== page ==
How do you think the story wants you to judge Hulga, Mrs. Hopewell, and the good country person who violates them?To Mrs. Hopewell, there are “good country people” and there are “trash.”...
How do you think the story wants you to judge Hulga, Mrs. Hopewell, and the good country person who violates them?
To Mrs. Hopewell, there are “good country people” and there are “trash.” What are the results of Mrs. Hopewell’s way of thinking of other people on herself and Hulga? What similarities do you see in the language of Mrs. Hopewell's saying and the Bible salesman's last words?
To begin, "the story" doesn't want us to judge anything. However, Flannery O'Connor may have particular intentions that we can discover through analysis. Mrs. Hopewell, as her name suggests, considers herself an open-minded person. She says that she respects all opinions, but she also labels people as "trash". This kind of simplistic thinking has led her to live in a world of isolation. Hulga, on the other hand, rejects her mother's way of life & her mode of thinking. She has turned that simplicity into a bitter nihilism. She even changed her name from the beautiful "Joy" to the harsh "Hulga." Because of her mother's influence, Hulga has little patience with what she thinks of sarcastically as "good country people." She finds them boring & clueless. Yet her philosophy is revealed to be flawed as well.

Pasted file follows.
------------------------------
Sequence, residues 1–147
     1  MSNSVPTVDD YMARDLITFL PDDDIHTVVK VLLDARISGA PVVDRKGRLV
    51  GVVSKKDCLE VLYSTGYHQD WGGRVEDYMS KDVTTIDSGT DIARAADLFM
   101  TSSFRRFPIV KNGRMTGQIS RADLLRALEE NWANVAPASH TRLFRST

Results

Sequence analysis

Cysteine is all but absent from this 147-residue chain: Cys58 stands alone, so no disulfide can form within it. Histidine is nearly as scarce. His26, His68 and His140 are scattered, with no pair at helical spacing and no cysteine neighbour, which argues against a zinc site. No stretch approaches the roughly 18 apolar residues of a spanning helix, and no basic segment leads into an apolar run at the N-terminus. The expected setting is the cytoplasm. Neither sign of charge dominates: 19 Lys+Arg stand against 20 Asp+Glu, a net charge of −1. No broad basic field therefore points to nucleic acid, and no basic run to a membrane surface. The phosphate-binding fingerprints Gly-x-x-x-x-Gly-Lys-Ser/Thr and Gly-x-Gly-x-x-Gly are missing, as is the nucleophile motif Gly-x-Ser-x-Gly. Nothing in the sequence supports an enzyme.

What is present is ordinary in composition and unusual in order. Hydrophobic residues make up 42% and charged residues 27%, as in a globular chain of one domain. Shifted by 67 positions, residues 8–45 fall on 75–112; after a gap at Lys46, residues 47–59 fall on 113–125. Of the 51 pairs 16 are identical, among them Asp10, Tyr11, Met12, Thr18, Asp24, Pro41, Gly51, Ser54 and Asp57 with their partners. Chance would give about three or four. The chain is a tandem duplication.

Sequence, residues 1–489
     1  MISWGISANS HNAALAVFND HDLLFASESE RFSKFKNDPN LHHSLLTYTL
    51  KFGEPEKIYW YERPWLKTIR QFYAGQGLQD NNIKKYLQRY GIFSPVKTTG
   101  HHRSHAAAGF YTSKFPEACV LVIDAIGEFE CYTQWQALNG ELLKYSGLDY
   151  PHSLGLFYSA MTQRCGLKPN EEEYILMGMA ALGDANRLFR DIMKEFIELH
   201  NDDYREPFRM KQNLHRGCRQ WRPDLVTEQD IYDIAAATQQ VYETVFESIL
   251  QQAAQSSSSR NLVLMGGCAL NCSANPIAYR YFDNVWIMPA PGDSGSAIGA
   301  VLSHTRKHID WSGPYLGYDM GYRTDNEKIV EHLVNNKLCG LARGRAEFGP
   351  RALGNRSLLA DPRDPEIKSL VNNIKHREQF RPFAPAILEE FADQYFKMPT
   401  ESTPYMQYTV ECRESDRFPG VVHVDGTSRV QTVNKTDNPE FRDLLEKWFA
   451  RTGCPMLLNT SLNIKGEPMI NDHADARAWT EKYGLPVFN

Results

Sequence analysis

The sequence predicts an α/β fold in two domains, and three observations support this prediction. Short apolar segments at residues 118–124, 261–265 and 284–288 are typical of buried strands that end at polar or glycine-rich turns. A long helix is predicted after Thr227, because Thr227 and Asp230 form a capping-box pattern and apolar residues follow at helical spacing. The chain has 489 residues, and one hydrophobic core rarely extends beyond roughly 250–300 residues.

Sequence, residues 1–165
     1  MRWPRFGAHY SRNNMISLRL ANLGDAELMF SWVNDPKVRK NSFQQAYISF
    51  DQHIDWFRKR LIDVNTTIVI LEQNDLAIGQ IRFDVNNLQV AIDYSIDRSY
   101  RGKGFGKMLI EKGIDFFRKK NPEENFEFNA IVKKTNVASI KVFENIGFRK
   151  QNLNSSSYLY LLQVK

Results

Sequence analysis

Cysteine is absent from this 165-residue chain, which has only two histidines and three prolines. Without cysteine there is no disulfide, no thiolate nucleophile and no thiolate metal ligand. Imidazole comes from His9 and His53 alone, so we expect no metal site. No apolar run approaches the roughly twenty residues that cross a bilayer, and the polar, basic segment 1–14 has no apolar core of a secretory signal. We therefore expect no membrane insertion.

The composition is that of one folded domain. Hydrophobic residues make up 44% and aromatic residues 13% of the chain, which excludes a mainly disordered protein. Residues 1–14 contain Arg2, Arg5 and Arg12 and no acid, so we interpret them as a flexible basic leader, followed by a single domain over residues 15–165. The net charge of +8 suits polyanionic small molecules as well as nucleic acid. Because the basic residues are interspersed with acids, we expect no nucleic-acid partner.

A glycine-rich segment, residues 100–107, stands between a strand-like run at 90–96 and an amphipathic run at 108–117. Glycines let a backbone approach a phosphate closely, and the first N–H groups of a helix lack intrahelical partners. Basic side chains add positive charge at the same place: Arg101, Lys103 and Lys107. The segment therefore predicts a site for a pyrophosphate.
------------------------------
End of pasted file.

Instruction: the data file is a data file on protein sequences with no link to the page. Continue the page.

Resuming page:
Finally, Manley Pointer, as his name suggests, becomes an object of revelation in the story. He tears Hulga's leg from her, & in doing so, tears away her illusions. He points out the reality of her existence, and forces to come to terms with those around her. He uses the same, plain language as Mrs. Hopewell, & both are on some level aware of how Hulga is fooling herself. Yet he is much more worldly than Mrs. Hopewell. He is under no illusions about his own existence. As far as judgment goes, none of these characters are without flaw. We are supposed to question the validity of Mrs. Hopewell's philosophy as much as Hulga's. We should certainly understand Hulga's fury at the theft of her leg. At the end, we are made aware of the similarities between each.